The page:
Egyptian Fatta Recipe
Why It Works
- Blooming the spices in hot ghee brings out the warm aromas that will flavor the dish.
- Coating the basmati rice in the fat prevents the individual grains from sticking together and results in fluffier rice.
Egyptian fatta is the quintessential festive meal. It’s a crowd-pleasing dish bursting with bold flavors and textures: layers of seasoned, toasted pita and fragrant rice are topped with slow-cooked beef and drizzled with a punchy garlic-vinegar sauce. The dish is associated with all religious celebrations of Egyptian Christians and Muslims, and celebratory feasts aren’t complete without a lavish fatta at the center of the table, surrounded by a myriad of delicacies.
In Arabic, fatta means “cut in pieces,” which in the context of this recipe refers to sliced, toasted pita, the first layer of the dish. Though they share the same name, Egyptian fatta is unlike its Levantine counterpart: the Egyptian dish doesn’t include a yogurt sauce and uses a different cooking technique.
The long list of ingredients may be daunting, but the recipe itself is easy to break into manageable parts. Much of the recipe can be prepared ahead of time and kept in the fridge, then reheated and assembled right before serving.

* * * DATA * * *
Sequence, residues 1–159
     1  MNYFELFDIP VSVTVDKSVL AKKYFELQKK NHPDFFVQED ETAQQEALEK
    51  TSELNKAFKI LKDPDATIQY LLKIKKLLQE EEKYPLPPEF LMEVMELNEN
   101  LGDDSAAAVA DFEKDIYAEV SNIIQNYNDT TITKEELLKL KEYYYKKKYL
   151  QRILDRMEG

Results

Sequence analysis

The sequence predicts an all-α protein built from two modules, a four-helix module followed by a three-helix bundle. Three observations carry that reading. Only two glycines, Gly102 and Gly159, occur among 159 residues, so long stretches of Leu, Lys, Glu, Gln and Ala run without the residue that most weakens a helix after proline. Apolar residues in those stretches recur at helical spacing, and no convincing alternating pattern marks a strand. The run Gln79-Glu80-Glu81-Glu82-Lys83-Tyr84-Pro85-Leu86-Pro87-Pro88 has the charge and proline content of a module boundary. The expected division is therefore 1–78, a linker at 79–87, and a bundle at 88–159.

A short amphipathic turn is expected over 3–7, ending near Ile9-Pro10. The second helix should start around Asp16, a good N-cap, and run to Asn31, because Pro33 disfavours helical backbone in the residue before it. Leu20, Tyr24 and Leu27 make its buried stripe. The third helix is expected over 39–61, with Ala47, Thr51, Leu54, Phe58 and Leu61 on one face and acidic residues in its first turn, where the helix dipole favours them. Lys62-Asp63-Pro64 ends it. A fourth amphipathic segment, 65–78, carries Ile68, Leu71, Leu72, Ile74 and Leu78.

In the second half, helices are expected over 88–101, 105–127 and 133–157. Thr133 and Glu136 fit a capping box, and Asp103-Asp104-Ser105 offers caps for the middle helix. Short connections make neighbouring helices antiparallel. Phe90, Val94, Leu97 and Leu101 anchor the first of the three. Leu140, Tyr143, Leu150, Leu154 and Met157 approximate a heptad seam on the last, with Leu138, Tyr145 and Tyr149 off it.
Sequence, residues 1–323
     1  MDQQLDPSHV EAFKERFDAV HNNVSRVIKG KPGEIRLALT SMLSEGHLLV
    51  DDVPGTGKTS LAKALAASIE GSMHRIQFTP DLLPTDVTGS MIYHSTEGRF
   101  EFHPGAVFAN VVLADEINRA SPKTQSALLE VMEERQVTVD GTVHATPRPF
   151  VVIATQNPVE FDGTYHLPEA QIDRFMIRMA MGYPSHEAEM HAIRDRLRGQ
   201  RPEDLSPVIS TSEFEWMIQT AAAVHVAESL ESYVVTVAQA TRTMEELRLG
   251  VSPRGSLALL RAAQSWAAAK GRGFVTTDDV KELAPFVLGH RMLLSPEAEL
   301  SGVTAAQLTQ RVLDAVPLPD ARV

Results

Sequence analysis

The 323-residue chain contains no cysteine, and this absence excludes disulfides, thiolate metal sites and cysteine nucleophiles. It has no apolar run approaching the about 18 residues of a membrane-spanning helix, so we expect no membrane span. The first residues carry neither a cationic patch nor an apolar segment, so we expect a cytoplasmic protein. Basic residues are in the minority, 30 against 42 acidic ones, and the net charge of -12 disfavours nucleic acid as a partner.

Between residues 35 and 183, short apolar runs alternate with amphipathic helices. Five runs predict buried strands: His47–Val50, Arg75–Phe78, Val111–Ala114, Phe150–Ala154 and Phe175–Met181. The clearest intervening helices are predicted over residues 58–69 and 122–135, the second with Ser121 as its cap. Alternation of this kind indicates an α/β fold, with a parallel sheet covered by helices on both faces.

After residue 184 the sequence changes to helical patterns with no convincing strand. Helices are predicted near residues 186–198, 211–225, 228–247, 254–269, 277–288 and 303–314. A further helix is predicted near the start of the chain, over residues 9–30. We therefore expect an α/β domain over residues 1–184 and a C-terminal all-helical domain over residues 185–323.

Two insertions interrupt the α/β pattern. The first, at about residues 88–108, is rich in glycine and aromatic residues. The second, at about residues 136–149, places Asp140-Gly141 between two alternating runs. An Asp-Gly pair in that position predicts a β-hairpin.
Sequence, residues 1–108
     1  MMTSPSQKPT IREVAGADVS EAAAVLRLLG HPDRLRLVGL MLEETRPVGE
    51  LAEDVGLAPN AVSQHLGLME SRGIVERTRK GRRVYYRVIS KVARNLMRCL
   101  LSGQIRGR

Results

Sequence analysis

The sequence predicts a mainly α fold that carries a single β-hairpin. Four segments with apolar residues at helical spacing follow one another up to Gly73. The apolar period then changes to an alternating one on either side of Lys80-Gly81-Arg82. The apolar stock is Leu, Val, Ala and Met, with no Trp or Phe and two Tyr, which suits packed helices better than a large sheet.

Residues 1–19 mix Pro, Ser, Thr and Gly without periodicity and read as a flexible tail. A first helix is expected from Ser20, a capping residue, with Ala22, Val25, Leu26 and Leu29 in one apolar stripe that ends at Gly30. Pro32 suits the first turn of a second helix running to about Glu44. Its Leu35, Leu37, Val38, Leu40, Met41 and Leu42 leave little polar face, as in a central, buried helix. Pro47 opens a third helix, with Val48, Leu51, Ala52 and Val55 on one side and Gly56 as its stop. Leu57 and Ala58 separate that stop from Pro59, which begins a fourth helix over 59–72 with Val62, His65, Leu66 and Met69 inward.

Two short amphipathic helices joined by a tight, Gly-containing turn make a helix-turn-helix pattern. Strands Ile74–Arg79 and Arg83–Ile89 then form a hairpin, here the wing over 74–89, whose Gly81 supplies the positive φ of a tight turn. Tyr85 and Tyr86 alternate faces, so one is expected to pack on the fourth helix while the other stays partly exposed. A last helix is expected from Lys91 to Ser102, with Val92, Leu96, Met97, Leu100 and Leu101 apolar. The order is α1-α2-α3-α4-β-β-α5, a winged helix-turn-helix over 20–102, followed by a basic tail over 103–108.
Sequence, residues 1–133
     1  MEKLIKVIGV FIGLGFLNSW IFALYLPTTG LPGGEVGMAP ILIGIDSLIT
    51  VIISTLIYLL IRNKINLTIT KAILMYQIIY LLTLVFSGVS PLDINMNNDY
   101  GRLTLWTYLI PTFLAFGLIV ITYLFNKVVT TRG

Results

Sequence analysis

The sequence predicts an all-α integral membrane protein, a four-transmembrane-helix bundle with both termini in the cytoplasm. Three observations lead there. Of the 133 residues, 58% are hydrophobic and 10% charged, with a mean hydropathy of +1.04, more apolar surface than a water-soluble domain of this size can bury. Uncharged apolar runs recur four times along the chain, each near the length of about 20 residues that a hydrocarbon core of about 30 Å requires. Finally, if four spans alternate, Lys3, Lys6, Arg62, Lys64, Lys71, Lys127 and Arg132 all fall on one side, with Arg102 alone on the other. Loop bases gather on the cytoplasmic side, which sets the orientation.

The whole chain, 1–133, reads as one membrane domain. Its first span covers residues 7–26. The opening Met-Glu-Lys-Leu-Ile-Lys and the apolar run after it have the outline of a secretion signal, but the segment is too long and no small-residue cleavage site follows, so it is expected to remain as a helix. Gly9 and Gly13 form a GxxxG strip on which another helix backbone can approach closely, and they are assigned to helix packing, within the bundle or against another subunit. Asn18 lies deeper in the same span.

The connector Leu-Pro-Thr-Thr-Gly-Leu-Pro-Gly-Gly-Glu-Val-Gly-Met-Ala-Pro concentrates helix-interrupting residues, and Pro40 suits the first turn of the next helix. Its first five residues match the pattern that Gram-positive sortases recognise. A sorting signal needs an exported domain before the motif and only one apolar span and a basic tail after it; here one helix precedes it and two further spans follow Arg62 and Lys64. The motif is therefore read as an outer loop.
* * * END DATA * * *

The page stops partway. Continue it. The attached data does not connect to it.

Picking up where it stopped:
Variations of Egyptian Fatta
While bread, meat, and rice are pretty much the main components of any Egyptian fatta, there are still some subtle variations. If Egyptians are making fatta for Eid, for example, they may decide between lamb or beef. Also, the cut of meat used is subjective. Some families prefer rustic and fatty bone-in cuts of meat, while others treasure the leaner flavor of fat-trimmed meat and the ease of boneless pieces.
Typically, Egyptian fatta is made with ruz masri (Egyptian rice), but that kind of rice is hard to find outside of Egypt. A good substitute is basmati or another long-grain rice instead; it works well and, I’ve found, complements the rest of the dish beautifully.
In researching the many versions of Egyptian fatta, I have learned that Egyptian Muslim families tend to drizzle a tomato-based sauce—in addition to a garlic-vinegar one—on their fatta, while their Christian compatriots use just the garlic-vinegar one to dress it. I’ve included both sauces below so you can try each, then decide if you prefer one over the other or like having both.